This financial crisis will create great challenges for everyone. But we aren’t powerless. New Jersey’s future can either look like Monaco, or it can look like East Germany. Low tax pro business polices will lead to one future; high tax, strong regulation policies will lead to the other. At this point we can either learn from history, or repeat it. There is no third choice.
Wednesday, September 17, 2008
House Speaker Nancy Pelosi has ordered a broad, swift investigation of Wall Street and will demand testimony from Bush administration officials and captains of finance, congressional officials said.
I personally feel like someone should be saying to me "Apart from that Mrs. Lincoln, how did you like the play". My personal situation is unperturbed, but it's no fun watching 30% of the people you know at risk of losing their jobs.
For people in the know, it's been really hard to imagine this circumstance getting worse... that is... it was until this story came out. But this just sounds like on top of all our real problems we're also going to have to deal with Barbara Boxer getting on TV so she can tell us how she wants to nationalize the banking industry. Dear God please save us all from these economic imbeciles.
Sunday, September 14, 2008
A friend emailed me this video about three days after it was posted on youtube. I watched it and found it to be pretty good. It gave useful language to an issue that I’ve often struggled with and that is “how do you explain how liberals think in a way that stops them from making their most obvious mistakes about logic and reason”.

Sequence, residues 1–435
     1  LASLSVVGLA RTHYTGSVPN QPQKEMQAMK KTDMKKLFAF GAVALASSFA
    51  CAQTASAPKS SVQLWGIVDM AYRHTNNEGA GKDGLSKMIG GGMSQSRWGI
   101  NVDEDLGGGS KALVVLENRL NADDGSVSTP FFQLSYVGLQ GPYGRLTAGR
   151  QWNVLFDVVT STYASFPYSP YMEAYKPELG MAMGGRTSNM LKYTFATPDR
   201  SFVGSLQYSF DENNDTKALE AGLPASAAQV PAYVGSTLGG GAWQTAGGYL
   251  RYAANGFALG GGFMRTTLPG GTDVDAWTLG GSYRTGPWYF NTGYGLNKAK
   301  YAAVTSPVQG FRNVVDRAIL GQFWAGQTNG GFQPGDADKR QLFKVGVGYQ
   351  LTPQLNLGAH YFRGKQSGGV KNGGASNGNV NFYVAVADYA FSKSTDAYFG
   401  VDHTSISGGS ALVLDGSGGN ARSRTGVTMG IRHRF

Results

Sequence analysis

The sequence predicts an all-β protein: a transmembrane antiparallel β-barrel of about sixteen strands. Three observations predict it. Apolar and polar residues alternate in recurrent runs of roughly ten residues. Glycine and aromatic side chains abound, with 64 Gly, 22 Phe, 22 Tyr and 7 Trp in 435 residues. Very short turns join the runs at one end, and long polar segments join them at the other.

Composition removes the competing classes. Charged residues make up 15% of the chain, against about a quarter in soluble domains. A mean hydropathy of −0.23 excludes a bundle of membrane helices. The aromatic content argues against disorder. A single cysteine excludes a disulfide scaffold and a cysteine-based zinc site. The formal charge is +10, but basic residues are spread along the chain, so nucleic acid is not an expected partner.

And I guess over the last year I’m seeing it with new eyes. I still think it’s a really great and highly entertaining lecture, but I think it makes a tactical error. Well… maybe not, but it fails to do the thing that I hope to do which is convert liberals back to a view where logic and reason and critical thought become a part of their world view. To be fair, it doesn’t actually fail at that task because it isn’t designed to accomplish it. This is a lecture designed to explain to conservatives how the political opposition thinks. And to accomplish that he uses the tool and thought processes which he clearly says that liberals don’t practice. He uses logic, and reason, and critical thought.
In that way he’s crafted a speech which is the opposite of one which might change liberal minds because it elevates the dialog to the place where the liberal defense mechanisms are at their strongest. The thing I would try to do would be to repackage this lecture in a language which slips under the doors and through the cracks in the liberals defenses and actually change their minds.
I don’t know… maybe it can’t actually be done. Maybe the very fact that life hasn't changed their minds about issues means that they are the people in our society least capable of logic and reason. All the same though I'd love to hear what liberals think of this video. It will probably be all ad-hominem attacks and accusations of arrogance, but I'd like to hear them all the same. Send this video to liberal you know. I’m going to do the same. Ask them to watch it and give you some feedback about it. I’d be interested in what they come back with. Feel free to send me email comments or leave them here.
Saturday, September 13, 2008
We might have just been whistling past the graveyard, but my co-workers and I all had a good laugh this week. The drama that had us so pre-occupied was the negotiations of various parties for Lehman Brothers, the erstwhile respected financial institution which is the most recent casualty of the imploding credit and mortgage bond market. For those who don’t understand what’s happening, here’s the way it’s playing out: